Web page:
This can be achieved in two ways.

One way is to change this IP/host binding  the local hypervisor uses.  This can be done under the GNS3 Preferences, Dynamips settings, [Hypervisor Manager] tab.  You could set the IP/host binding address here to the IP address of your outgoing interface, then add another copy of your local IOS image back in the Edit | IOS images and hypervisors[IOS Images] tab.   This is fine if you have a static IP address and never move your computer.  But if you have a laptop or use DHCP, then this is not a good idea, because once you change this address, any new image you add will be bound to this IP address.

The better way to achieve exactly the same result is to set up your local IP address as an External Hypervisor in the Edit | IOS images and hypervisors[External hypervisors] tab.  Simply add your own local IP address as if it were an external hypervisor.  In the illustration below, my local IP is 192.168.0.100 – the hypervisors on 192.168.0.77 and 192.168.0.88 are external, but GNS3 is not going to know the difference.

IOS Images and hypervisors - External Hypervisors

In fact, you can see that I have added two hypervisors on my local address, one on port 7200, the other on port 7201.  Now when I go back to the Edit | IOS images and hypervisors[IOS Images] tab, I can add say a 3725 image to one of these addresses, and a 7200 image to the other.

So in summary, you should now be able to see that:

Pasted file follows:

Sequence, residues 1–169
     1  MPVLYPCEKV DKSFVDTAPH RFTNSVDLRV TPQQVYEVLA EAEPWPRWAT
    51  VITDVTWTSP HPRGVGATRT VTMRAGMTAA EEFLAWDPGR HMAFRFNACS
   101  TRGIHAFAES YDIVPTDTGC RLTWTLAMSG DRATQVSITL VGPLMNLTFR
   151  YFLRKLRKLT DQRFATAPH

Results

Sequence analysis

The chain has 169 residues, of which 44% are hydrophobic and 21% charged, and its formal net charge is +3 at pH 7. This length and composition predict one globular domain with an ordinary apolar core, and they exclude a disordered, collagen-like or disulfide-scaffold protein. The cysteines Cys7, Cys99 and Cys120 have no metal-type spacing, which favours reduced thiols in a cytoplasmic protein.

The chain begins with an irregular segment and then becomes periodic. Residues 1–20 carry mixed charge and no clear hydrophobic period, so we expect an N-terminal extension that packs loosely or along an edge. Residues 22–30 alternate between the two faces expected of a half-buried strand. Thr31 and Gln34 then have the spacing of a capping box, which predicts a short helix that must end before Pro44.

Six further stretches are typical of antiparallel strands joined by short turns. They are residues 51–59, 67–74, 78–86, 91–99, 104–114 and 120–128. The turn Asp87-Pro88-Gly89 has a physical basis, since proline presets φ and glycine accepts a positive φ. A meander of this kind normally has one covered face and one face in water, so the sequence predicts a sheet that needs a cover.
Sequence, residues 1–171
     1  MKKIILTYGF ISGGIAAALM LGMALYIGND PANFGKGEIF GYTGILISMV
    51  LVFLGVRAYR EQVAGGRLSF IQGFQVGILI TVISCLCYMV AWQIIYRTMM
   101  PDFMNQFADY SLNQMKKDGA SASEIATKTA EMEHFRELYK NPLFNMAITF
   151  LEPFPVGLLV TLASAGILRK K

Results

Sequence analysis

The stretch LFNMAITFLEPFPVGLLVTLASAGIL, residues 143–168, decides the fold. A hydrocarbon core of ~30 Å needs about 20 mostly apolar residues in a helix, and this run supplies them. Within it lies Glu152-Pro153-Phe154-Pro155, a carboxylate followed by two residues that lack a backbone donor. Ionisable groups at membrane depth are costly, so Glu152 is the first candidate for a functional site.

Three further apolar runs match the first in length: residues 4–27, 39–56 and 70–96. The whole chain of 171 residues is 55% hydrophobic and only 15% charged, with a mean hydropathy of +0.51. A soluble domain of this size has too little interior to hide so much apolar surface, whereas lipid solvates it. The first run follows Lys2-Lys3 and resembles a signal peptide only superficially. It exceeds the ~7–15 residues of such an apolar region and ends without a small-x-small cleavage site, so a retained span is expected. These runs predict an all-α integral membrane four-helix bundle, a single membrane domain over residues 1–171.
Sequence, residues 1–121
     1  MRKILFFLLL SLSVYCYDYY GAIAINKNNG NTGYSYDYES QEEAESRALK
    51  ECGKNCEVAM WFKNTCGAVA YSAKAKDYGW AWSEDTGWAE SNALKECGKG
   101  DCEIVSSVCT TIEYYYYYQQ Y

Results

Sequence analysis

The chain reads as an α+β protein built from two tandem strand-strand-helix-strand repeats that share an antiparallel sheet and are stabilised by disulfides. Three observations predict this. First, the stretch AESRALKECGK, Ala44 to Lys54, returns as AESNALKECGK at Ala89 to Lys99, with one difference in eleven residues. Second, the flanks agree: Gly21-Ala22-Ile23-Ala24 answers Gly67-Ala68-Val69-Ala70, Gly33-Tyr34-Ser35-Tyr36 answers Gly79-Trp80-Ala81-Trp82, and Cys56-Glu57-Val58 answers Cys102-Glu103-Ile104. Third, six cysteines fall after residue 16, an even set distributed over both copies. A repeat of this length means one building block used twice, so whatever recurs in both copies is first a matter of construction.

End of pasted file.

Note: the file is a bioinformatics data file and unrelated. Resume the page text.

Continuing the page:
• The Hypervisor Manager manages images that are bound to the IP address specified under GNS3 Preferences, Dynamips settings, [Hypervisor Manager] tab in the IP/host binding field, according to the rules that are specified under that tab.
  • External images are not managed by these rules.
  • You can’t mix IOS images that are managed by the Hypervisor Manager with IOS images that are bound to External Hypervisors in the same topology.
  • If you want to link local IOS instances with External IOS instances  you will have to set up your local IP address as an External Hypervisor

If you want to explore further, you should experiment with selecting multiple External Hypervisors and linking them to a single image, then see what happens.

Happy hunting

RedNectar

This is because before I start using images linked to these hypervisors, I will need to add images

the Hypervisor Manager will no longer use the rules about Memory usage limit per hypervisor and [x] Allocate a new image per hypervisor

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About RedNectar Chris Welsh

Professional IT Instructor. All things TCP/IP, Cisco or VoIP
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3 Responses to How the GNS3 Hypervisor Manager Works

  1. Great post… I also learned about something called VIRL from Cisco.. Found it fantastic to watch but dunno when the download would be available… http://www.ebrahma.com/2013/07/cisco-virl-virtual-internet-routing-lab/
    this is the link to VIRL

  2. Pingback: Look at GNS3 – New Version « Cisco Skills